Recently, though, there have been an increasing amount of custody cases that have been fought across this country that would allow not just two, but three distinct parties to stake their claim as to who can best uphold the best interests of the child.

Reasons you may request a divorce in New York

When filing for divorce in New York, it's required that you state the grounds on which you're seeking to dissolve your marriage. You cannot mark down just any reason, but instead must choose one among seven different legally acceptable options that are allowable under Domestic Relations Law (DRL) §170.

Perhaps one of the most common reasons spouses request a divorce is because they deem their marriage to be irretrievably broken down. This option is commonly referred to as a no-fault divorce. In order to be eligible to file for a dissolution of your marriage under DRL § 170 (7), you must be able to prove that the breakdown in your relationship has lasted in excess of six continuous months.

Factors that impact whether you'll retain custody of your child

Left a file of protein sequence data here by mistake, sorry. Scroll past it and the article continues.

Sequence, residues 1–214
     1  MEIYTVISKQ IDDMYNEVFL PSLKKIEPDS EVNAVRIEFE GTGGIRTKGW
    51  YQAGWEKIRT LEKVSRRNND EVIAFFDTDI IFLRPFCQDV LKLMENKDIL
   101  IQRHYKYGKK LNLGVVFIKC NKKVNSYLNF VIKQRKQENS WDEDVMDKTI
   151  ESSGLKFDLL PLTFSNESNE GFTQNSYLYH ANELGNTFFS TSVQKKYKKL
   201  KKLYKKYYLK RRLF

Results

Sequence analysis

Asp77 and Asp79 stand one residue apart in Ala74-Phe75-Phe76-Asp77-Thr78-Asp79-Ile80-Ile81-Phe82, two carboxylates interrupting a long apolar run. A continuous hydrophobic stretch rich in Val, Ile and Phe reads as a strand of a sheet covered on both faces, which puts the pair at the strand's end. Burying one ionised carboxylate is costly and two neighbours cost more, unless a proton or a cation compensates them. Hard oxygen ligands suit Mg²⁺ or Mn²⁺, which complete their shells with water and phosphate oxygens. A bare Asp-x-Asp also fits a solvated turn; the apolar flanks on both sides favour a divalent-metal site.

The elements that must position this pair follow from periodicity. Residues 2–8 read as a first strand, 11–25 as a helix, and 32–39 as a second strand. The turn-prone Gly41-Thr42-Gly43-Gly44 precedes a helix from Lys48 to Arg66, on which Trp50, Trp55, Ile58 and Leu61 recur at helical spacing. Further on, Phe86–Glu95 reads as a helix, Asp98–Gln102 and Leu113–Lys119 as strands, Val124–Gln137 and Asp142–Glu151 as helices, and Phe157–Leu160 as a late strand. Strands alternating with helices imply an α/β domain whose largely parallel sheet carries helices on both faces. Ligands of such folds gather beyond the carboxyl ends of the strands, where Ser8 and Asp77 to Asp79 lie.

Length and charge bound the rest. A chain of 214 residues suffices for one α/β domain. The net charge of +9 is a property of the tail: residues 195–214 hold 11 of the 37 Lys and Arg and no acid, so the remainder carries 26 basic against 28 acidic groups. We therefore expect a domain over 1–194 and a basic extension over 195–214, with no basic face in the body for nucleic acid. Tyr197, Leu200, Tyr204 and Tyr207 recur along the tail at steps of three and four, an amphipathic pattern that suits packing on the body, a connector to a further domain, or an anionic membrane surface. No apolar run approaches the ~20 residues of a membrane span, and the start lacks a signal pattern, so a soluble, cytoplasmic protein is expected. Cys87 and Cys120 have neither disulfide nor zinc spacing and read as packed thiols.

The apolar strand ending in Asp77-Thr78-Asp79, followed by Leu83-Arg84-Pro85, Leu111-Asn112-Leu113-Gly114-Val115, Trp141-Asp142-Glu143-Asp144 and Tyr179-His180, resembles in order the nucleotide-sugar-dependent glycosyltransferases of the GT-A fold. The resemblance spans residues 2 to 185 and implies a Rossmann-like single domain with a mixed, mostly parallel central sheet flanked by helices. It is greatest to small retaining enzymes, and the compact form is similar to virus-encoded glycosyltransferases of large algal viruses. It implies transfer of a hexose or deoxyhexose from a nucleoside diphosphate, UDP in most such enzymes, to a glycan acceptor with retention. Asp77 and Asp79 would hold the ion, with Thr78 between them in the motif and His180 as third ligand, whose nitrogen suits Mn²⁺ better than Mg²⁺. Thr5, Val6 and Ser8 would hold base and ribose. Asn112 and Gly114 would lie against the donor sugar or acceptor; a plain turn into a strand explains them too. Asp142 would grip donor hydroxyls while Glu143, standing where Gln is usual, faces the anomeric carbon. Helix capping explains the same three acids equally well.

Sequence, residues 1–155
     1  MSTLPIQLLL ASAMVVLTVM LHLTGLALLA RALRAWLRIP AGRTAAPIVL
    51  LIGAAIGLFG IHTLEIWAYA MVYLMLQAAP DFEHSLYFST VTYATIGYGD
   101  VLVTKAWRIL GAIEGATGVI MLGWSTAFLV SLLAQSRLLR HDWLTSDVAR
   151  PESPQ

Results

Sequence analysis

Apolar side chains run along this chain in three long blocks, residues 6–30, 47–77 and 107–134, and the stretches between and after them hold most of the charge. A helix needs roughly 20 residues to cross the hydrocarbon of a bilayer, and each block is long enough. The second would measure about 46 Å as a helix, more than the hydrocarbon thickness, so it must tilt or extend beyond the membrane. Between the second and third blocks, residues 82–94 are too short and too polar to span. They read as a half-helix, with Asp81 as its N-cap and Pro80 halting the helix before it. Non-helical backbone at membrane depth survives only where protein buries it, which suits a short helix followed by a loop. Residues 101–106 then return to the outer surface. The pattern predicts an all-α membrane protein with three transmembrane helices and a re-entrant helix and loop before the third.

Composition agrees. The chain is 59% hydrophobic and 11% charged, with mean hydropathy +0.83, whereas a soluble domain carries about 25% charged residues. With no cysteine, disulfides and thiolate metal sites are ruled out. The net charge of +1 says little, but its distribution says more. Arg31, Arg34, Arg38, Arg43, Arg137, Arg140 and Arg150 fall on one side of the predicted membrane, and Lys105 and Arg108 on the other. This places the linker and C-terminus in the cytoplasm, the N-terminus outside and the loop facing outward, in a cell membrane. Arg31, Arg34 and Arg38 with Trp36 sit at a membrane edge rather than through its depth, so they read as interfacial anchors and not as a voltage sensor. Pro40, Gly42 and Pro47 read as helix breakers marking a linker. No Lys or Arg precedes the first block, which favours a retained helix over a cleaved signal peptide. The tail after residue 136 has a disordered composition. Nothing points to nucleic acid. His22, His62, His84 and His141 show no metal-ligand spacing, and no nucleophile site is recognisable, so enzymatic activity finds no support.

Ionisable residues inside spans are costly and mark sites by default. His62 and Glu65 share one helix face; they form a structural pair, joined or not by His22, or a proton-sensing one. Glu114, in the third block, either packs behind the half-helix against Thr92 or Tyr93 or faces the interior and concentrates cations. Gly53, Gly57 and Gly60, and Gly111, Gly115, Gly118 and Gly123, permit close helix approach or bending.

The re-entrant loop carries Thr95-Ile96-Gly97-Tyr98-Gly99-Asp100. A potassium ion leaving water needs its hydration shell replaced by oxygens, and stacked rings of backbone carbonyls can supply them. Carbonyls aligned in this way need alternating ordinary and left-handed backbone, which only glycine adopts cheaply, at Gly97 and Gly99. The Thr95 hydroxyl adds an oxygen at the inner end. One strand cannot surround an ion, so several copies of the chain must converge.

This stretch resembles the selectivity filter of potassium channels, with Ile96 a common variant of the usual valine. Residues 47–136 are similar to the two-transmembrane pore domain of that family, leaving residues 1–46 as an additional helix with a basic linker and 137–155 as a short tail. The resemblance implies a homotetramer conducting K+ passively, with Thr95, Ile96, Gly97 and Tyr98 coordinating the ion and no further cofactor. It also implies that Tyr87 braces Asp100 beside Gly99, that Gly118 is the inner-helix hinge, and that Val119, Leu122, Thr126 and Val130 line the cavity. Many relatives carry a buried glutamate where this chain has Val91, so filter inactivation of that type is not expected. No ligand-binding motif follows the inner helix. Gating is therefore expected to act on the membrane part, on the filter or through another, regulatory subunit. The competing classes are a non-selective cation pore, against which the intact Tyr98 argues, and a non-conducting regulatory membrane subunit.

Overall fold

In determining which parent should be awarded custody, a judge's decision will center around what's in the best interest of the child. In doing so, he or she will look at a number of aspects of the parents' lives and their relationship with their child in hopes of making a decision that will best allow the child to live a happy and productive life.

When it comes to making parental assessments, the judge will focus on determining which parent has the financial means to adequately provide for the child's basic essentials such as food, shelter, clothing and medical care. Because research has shown that children thrive in more stable environments, judges tend to spend significant time in attempting to understand which parent is both physically and mentally stable as well.